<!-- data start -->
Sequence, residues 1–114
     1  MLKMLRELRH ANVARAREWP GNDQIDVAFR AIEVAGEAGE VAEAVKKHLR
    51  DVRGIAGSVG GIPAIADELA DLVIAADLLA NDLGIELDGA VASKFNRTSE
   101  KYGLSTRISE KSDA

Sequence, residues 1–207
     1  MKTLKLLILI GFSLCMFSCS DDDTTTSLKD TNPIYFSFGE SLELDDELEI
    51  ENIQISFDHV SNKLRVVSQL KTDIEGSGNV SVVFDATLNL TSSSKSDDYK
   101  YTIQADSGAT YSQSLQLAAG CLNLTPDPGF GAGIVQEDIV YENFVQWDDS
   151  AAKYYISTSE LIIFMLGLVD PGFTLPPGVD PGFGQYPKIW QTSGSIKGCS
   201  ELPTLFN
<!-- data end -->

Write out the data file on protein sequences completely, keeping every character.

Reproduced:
Sequence, residues 1–114
     1  MLKMLRELRH ANVARAREWP GNDQIDVAFR AIEVAGEAGE VAEAVKKHLR
    51  DVRGIAGSVG GIPAIADELA DLVIAADLLA NDLGIELDGA VASKFNRTSE
   101  KYGLSTRISE KSDA

Sequence, residues 1–207
     1  MKTLKLLILI GFSLCMFSCS DDDTTTSLKD TNPIYFSFGE SLELDDELEI
    51  ENIQISFDHV SNKLRVVSQL KTDIEGSGNV SVVFDATLNL TSSSKSDDYK
   101  YTIQADSGAT YSQSLQLAAG CLNLTPDPGF GAGIVQEDIV YENFVQWDDS
   151  AAKYYISTSE LIIFMLGLVD PGFTLPPGVD PGFGQYPKIW QTSGSIKGCS
   201  ELPTLFN